The issue is not about the Right or the Left wing. It is about enforcing ideas, hindrance to student struggle and death of democracy. It’s about exacting violence in the name of nationalism and “Bharat Mata” (mother India). Students in the colleges of Delhi University are being forced to say “Bharat Mata ki Jai (All hail mother India)”. It’s not only about Umar Khalid or Shehla Rashid, it’s about supremacy of one thought, one idea and one race.

Students are open to various ideas and thoughts, the issue is about killing those thoughts and ideologies. Delhi University has been turned into a war field and students who are witnessing these events are scared. They are being labeled and people from various parts of the country are showing support to this violence. The idea of violence is scary for a democracy. And yes, it is definitely about Aazadi (freedom). Aazadi from the people who want to attack democracy, debate, discussion and dissent. It’s also about Aazadi from hooliganism and violence. It is about looking for a better future and no power can stop this student movement, the movement for Aazadi.

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An ambassador and trained facilitator under Eco Femme (a social enterprise working towards menstrual health in south India), Sanjina is also an active member of the MHM Collective- India and Menstrual Health Alliance- India. She has conducted Menstrual Health sessions in multiple government schools adopted by Rotary District 3240 as part of their WinS project in rural Bengal. She has also delivered training of trainers on SRHR, gender, sexuality and Menstruation for Tomorrow’s Foundation, Vikramshila Education Resource Society, Nirdhan trust and Micro Finance, Tollygunj Women In Need, Paint It Red in Kolkata.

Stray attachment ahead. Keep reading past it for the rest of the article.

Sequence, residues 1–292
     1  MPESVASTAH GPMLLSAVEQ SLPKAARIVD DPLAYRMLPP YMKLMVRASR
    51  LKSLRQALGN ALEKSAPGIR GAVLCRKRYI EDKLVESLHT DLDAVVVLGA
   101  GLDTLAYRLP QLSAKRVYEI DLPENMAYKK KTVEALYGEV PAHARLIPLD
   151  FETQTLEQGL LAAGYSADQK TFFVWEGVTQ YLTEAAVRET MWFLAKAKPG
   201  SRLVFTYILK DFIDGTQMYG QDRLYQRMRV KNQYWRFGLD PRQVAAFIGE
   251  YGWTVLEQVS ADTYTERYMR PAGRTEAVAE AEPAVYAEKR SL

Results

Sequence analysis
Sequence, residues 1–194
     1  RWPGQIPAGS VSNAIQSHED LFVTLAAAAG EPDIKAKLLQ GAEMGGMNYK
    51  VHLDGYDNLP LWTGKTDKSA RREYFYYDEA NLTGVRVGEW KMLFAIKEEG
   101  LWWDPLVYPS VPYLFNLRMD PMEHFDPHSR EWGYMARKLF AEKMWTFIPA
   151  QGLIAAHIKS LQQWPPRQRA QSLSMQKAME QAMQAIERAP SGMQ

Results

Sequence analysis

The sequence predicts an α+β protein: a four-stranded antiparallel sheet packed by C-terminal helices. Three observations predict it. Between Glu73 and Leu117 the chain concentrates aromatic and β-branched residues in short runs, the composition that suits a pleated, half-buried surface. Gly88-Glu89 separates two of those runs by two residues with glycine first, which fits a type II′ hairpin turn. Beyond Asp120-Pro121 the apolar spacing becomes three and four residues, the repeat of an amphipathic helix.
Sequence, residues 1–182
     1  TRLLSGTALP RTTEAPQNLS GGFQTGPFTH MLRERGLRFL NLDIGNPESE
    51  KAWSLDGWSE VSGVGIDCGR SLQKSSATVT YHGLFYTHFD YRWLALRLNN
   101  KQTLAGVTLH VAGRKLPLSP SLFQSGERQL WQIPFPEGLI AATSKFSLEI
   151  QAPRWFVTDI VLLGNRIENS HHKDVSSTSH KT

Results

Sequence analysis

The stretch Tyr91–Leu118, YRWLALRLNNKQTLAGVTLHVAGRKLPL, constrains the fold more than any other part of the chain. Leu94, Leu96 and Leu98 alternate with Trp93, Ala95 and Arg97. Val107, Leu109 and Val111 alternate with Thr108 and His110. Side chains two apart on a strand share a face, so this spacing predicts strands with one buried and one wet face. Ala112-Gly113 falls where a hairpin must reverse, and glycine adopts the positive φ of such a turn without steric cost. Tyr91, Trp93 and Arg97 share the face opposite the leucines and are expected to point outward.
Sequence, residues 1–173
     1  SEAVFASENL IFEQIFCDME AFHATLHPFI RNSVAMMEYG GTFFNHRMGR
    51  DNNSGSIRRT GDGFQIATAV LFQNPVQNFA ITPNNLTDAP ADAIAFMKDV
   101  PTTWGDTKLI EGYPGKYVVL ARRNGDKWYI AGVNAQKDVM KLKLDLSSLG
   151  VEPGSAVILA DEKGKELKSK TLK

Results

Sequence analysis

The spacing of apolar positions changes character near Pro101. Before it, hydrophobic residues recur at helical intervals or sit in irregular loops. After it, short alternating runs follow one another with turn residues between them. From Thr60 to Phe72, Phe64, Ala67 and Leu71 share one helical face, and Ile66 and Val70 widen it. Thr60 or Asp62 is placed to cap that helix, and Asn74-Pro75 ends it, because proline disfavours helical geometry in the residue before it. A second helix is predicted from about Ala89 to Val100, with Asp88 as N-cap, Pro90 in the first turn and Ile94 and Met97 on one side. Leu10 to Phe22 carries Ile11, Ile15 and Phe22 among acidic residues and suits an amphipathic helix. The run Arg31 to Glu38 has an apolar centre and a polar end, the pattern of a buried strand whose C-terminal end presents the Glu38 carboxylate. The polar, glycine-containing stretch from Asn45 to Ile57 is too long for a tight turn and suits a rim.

Now as an MH Fellow with YKA, she’s expanding her impressive scope of work further by launching a campaign to facilitate the process of ensuring better menstrual health and SRH services for women residing in correctional homes in West Bengal. The campaign will entail an independent study to take stalk of the present conditions of MHM in correctional homes across the state and use its findings to build public support and political will to take the necessary action.

Saurabh has been associated with YKA as a user and has consistently been writing on the issue MHM and its intersectionality with other issues in the society. Now as an MHM Fellow with YKA, he’s launched the Right to Period campaign, which aims to ensure proper execution of MHM guidelines in Delhi’s schools.

The long-term aim of the campaign is to develop an open culture where menstruation is not treated as a taboo. The campaign also seeks to hold the schools accountable for their responsibilities as an important component in the implementation of MHM policies by making adequate sanitation infrastructure and knowledge of MHM available in school premises.

Read more about his campaign.

Harshita is a psychologist and works to support people with mental health issues, particularly adolescents who are survivors of violence. Associated with the Azadi Foundation in UP, Harshita became an MHM Fellow with YKA, with the aim of promoting better menstrual health.

Her campaign #MeriMarzi aims to promote menstrual health and wellness, hygiene and facilities for female sex workers in UP. She says, “Knowledge about natural body processes is a very basic human right. And for individuals whose occupation is providing sexual services, it becomes even more important.”